Navarre beaches open to all
NAVARRE BEACH, FLORIDA — There are no “no trespassing” signs on Navarre Beach.
Neither are there security guards lurking on the dry white sands of Santa Rosa County to escort walkers to the water’s edge before they cross a particular parcel deemed private property.
All of the beaches in Santa Rosa County are open to the public, and most folks seem to like it that way.
“My thinking is you should be able to get on the beach and walk all the way to Fort Pickens if you want to,” County Commissioner Bob Cole said.
Here there’s no discussion of HB 631 or customary use. And, according to Santa Rosa County Administrator Dan Schebler, no issues in need of addressing as the tourist season approaches.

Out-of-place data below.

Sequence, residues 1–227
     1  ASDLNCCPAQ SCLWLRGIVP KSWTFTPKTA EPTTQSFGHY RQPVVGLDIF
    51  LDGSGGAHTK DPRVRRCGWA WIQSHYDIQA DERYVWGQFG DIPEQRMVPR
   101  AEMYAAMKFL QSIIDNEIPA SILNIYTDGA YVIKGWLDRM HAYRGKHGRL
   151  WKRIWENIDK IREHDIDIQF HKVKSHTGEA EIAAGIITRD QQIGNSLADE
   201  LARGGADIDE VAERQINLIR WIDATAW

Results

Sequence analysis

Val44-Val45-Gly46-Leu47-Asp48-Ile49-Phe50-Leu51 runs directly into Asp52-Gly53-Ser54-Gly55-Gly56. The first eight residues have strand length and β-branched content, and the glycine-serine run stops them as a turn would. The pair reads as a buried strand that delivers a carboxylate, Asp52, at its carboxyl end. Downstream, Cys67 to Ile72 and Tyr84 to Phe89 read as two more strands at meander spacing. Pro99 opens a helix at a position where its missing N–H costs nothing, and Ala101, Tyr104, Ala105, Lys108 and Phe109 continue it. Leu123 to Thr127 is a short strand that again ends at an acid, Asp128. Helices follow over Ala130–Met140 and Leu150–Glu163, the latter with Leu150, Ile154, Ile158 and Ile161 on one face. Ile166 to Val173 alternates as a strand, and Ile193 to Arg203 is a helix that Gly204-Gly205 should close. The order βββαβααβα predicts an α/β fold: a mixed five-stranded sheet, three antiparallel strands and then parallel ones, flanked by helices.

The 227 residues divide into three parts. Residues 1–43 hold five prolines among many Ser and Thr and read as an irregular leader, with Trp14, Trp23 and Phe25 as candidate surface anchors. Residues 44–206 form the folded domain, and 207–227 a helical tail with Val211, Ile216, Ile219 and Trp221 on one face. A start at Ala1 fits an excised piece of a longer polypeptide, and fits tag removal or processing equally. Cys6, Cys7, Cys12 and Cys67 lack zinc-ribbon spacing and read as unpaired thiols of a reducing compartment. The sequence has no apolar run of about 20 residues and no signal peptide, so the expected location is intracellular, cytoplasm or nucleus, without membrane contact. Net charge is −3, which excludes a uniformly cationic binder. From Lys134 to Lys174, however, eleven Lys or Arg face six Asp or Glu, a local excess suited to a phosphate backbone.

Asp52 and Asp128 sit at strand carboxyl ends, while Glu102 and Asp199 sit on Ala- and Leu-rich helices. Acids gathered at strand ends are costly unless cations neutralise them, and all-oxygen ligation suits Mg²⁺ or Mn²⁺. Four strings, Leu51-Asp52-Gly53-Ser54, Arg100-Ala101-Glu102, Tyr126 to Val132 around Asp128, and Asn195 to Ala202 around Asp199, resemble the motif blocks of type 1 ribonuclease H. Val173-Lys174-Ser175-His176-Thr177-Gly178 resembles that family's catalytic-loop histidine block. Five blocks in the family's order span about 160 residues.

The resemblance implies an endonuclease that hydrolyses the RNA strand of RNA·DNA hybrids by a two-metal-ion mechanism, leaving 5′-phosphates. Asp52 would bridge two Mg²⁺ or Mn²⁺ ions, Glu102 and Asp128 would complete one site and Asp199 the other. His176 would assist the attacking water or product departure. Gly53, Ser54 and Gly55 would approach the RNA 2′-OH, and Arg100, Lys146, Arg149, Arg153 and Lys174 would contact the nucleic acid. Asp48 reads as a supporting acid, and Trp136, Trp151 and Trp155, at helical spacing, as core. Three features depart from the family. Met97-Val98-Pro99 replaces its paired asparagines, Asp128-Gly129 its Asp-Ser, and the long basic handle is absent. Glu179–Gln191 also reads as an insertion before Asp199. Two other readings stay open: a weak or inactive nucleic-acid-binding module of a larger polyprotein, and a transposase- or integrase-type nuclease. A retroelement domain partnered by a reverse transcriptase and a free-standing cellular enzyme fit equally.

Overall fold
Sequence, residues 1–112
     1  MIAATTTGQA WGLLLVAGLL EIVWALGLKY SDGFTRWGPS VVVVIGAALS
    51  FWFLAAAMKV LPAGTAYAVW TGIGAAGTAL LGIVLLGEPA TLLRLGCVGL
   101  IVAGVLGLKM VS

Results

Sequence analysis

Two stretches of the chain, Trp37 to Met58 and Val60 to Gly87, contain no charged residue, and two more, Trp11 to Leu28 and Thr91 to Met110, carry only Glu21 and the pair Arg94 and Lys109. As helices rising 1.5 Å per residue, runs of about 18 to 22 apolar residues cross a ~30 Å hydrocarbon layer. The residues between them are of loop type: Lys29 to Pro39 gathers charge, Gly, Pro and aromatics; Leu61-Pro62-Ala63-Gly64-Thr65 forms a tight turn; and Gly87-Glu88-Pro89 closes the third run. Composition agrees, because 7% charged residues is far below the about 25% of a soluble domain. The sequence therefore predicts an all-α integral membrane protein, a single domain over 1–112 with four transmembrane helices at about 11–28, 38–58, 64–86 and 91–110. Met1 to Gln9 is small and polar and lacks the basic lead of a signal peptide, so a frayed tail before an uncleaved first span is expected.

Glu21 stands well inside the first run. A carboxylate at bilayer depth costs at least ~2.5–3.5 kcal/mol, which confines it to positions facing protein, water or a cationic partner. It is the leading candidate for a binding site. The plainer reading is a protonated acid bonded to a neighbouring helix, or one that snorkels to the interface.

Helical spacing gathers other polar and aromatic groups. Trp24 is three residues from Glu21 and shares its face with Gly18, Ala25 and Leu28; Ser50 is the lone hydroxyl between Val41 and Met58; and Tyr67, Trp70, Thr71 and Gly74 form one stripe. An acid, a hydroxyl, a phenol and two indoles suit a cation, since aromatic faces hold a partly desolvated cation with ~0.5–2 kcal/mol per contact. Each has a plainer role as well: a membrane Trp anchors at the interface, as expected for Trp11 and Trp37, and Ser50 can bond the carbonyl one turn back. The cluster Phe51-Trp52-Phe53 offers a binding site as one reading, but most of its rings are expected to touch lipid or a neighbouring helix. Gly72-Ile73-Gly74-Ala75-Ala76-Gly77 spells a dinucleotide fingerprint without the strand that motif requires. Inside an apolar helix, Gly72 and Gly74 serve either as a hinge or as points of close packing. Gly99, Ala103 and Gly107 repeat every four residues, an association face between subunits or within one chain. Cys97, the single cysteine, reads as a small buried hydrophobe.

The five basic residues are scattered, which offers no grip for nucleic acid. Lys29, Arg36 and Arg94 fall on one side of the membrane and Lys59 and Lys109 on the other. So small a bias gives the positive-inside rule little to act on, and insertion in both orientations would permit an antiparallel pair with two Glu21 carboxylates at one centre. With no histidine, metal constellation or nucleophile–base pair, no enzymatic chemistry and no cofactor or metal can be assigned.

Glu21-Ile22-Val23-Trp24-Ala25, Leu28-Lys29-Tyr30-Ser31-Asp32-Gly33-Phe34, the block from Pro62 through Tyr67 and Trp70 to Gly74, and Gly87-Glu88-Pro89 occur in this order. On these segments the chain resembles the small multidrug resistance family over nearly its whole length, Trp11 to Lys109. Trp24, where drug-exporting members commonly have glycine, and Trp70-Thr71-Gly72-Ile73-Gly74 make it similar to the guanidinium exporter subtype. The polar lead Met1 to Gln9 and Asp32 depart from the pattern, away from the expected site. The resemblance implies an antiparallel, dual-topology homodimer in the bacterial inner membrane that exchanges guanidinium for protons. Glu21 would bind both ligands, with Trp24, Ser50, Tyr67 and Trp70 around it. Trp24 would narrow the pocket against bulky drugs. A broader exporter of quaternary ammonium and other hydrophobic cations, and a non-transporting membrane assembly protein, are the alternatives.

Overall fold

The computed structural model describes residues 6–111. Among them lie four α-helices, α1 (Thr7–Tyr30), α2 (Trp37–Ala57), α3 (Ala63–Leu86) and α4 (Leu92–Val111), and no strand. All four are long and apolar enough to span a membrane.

Navarre Beach has access points to the beach along Gulf Boulevard that has many private residences. [FILE PHOTO/DAILY NEWS]
Unlike Walton County, where many jealously guarded beach lots run from the toe of the dune to the mean high water line, on Navarre Beach the vast majority of beach parcels, both residential and commercial, were platted and sold with the intention of leaving a large swath of coastline open to the public, according to Phil Babiak of Century 21 Island View Realty.
The few commercial entities that might have at one time claimed ownership to the mean high water line have been forced over the years to give up any such claim due to the fact that the 3.7 miles of sand that comprise Navarre Beach have had to be reconstructed.
South Santa Rosa County was hammered in 1995 by hurricanes Erin and Opal, and again by Hurricane Ivan in 2004, which was followed in quick succession by Tropical storms Arlene and Cindy and Hurricane Dennis in 2005.
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